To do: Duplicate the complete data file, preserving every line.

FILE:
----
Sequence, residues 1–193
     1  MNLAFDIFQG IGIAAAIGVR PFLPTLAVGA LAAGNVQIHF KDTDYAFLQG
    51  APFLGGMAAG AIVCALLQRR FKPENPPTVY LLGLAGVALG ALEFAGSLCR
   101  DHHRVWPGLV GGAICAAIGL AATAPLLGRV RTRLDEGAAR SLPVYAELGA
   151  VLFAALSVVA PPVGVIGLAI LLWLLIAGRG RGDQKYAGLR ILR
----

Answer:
Sequence, residues 1–193
     1  MNLAFDIFQG IGIAAAIGVR PFLPTLAVGA LAAGNVQIHF KDTDYAFLQG
    51  APFLGGMAAG AIVCALLQRR FKPENPPTVY LLGLAGVALG ALEFAGSLCR
   101  DHHRVWPGLV GGAICAAIGL AATAPLLGRV RTRLDEGAAR SLPVYAELGA
   151  VLFAALSVVA PPVGVIGLAI LLWLLIAGRG RGDQKYAGLR ILR